Schwartz: The clearing business got started very similar to that. And, of course, the correspondents have tried to branch out beyond just clearing, because they can’t make a living on $5 ticket charges or whatever. They have to offer some other value-adds that you’ll pay for, so they try to step into that gap to some degree.
Service: And all it Entails
John Sullivan, Investment Advisor: As a midsize firm, how do you balance scale with the personalized service?
Knight: The key is the folks you service. That may sound trite, but the key to all of the success we have enjoyed is continually staying focused on serving our individual reps and how we can help them achieve their vision and success. Paying an awful lot of attention to them is the key. Now, of course, we’re also owned by our reps; if I ever forget, they’re always there to remind me. Eric touched on it earlier and I love his quote: He said, “Be big, but act small.” Even as the numbers get larger, if I don’t have a personal relationship with every single individual one of them, I make sure that somebody on my management team does. Also, absolutely providing forums for their voices to be heard and making it very easy for them to say what they need.
Schwartz: That’s exactly what I would say. One of the things we look at is not how many reps we have, but how many relationships we have. Interestingly, our number of reps has climbed by about 200 a year for the last five years, but our total number of branches has only increased about 15% during that time. We still have about 500 branches, but the average branch has gotten bigger, which means our number of relationships hasn’t increased that much. Granted, we’d like somebody to have a relationship with all 2,200 advisors, but we really make sure from the highest level that we know those 500 branch managers.
Stringer: I’ve participated in this roundtable a couple of times now, and the theme that I hear is that the winners seem to be very centered on why they’re in business and who they serve. I think that, at least at our firm, we know that our client is the advisor, whom we put first, and we ask our advisors to put their clients first. I think if we stay focused on who we serve and why we do it, we’re here to make a difference in their lives. The profitability and all the business aspects and all the metrics will show up if you’re doing your business well and you follow good practices. If you stay focused on why you’re in business and who you serve, I think good things will happen.
Pintaric: Barry made a comment about how his advisors are part-owners of the business and they keep you honest. I get that because even though [my advisors are] not formal owners of our firm, I’ve always felt that they’ve owned the business. The reason is that they own the relationship with the ultimate end customer. So keeping focused on who is the boss is very, very important.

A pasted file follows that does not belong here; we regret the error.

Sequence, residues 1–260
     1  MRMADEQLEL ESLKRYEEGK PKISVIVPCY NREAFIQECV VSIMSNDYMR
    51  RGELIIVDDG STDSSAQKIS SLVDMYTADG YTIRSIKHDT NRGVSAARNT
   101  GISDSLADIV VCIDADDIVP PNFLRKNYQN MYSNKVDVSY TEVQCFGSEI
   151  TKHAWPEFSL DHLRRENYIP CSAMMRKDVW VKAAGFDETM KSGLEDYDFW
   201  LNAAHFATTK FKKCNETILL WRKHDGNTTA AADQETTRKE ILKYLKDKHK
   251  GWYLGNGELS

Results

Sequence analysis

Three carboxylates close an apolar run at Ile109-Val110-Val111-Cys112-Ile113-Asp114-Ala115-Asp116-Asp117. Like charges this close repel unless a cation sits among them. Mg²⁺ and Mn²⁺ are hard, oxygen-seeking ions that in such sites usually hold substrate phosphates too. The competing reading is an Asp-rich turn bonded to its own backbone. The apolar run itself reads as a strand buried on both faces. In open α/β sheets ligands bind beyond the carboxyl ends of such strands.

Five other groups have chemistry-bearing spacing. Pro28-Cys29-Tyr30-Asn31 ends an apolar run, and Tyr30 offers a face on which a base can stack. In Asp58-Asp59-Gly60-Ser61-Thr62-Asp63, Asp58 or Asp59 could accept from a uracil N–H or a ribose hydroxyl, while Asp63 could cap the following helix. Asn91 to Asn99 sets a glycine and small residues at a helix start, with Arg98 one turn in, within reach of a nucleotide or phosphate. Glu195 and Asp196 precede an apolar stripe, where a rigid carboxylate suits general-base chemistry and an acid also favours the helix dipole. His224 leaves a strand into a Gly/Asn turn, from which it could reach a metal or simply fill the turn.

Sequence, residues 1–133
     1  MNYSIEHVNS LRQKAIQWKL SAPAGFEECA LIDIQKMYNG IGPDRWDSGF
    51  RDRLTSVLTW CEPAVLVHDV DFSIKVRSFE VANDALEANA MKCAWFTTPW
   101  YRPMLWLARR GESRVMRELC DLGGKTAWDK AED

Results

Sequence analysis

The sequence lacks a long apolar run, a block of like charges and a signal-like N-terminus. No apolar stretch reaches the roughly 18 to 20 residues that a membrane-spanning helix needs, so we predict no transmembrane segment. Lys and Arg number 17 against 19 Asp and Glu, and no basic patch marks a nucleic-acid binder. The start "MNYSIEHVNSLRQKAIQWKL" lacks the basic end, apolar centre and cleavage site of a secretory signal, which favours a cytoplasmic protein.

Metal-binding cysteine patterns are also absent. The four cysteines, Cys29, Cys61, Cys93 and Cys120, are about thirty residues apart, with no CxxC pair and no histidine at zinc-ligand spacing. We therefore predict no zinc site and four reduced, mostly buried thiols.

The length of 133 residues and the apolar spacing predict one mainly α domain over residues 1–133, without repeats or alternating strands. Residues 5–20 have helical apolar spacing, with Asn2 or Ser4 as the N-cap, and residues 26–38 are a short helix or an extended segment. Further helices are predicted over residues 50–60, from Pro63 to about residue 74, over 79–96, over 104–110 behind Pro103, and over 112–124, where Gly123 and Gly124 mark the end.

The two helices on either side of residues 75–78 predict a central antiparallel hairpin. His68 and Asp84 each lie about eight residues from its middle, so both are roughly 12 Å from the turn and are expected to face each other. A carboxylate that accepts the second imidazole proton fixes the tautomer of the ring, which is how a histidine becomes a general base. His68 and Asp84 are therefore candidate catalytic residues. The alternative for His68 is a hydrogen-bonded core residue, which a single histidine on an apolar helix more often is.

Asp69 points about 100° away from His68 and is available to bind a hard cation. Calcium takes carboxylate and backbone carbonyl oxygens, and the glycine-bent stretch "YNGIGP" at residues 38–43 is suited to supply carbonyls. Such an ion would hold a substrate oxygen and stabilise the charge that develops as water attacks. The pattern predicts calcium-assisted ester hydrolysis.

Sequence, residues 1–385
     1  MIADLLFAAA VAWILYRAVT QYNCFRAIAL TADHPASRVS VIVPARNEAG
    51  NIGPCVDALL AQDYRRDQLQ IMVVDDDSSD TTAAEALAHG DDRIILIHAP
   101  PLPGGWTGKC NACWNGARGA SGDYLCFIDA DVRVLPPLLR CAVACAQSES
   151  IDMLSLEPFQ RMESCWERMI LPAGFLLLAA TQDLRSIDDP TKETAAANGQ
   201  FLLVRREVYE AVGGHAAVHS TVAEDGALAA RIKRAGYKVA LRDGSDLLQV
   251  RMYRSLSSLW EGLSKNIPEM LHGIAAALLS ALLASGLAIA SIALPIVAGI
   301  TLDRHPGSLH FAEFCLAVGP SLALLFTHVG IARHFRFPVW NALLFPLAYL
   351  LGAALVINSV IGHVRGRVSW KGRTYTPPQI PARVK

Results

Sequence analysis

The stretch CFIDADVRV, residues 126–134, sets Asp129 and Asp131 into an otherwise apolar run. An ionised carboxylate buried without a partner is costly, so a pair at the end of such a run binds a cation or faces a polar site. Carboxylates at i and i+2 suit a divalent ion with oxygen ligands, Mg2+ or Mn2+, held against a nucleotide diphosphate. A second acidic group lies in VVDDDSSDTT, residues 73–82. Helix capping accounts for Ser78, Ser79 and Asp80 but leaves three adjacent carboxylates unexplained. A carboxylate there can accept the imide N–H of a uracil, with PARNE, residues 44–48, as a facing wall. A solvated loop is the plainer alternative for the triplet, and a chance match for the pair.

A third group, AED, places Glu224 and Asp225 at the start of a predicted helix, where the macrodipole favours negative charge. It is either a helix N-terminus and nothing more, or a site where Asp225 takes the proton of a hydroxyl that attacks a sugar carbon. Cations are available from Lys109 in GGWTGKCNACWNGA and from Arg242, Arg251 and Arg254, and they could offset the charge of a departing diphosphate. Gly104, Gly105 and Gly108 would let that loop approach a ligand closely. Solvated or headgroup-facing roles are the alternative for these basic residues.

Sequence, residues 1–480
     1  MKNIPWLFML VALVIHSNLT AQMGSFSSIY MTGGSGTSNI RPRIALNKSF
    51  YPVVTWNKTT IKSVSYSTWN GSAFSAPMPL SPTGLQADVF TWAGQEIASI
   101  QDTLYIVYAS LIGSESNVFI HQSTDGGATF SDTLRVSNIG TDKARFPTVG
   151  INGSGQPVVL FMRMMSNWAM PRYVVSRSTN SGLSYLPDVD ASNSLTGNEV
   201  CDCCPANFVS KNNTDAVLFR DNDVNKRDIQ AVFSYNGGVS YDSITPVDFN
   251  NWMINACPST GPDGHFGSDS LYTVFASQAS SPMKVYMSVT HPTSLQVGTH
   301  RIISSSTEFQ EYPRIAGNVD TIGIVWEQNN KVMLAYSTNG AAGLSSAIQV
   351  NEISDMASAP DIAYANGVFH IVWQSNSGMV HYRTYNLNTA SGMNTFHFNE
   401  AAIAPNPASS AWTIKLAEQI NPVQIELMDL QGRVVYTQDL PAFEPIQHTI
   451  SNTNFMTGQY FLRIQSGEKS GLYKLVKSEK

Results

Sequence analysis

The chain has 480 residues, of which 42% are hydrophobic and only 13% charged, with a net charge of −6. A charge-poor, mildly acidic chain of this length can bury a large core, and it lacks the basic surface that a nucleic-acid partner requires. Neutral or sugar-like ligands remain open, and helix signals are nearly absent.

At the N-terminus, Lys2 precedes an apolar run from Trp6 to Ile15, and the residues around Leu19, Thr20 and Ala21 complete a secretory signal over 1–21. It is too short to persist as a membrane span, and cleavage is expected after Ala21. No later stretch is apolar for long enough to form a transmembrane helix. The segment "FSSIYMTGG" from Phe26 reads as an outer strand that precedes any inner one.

Budget Priorities: Getting Granular
Green: An old aphorism says, “Don’t tell me your priorities, show me your budget.” What’s in your budget tells me what you’re real priorities are. You’ve all talked about the value of service, but from the bottom up, how do you specifically make sure that happens?
Pintaric: I think Eric and I share the same challenge. We’re in Youngstown, Ohio; he’s in Iowa. There’s not a large population of people who have experience in the securities business running around looking for jobs. So we’re forced to hire people by attitude rather than skill set. So many people have come to WRP with no clue whatsoever of what a stock and bond is, but they have blossomed as people that made WRP successful because they had the right attitude. There are a lot of educated idiots out there who can’t do anything, but you get somebody with a “can do” attitude, and they’ll go far.
Knight: I’ve certainly made hiring mistakes. I’ve hired some brilliant people who really knew their subject, who were true subject matter experts in their specialty, but didn’t understand our service culture. Somebody with the right attitude and the right heart of service toward our representatives—I’ll take them every day. The subject matter specialty is fine and understandable, but you can teach that. You can’t always teach the right attitude and heart of service toward people. It absolutely starts and ends with having the right people and having the right process in place.
Stringer: Even though we’re a small firm, we adopted initiatives to systemize our business and put processes into place. All of our departments have operation manuals. Even though those same people are doing the same job and have been doing them forever, we refreshed it last year. We have our “Service First” standards. If an advisor doesn’t feel that we met the standard, we have a feedback loop that goes to me and senior management. I think that’s a best practice whether you’re a big firm or a small firm: Institutionalize your processes so that you’re scalable.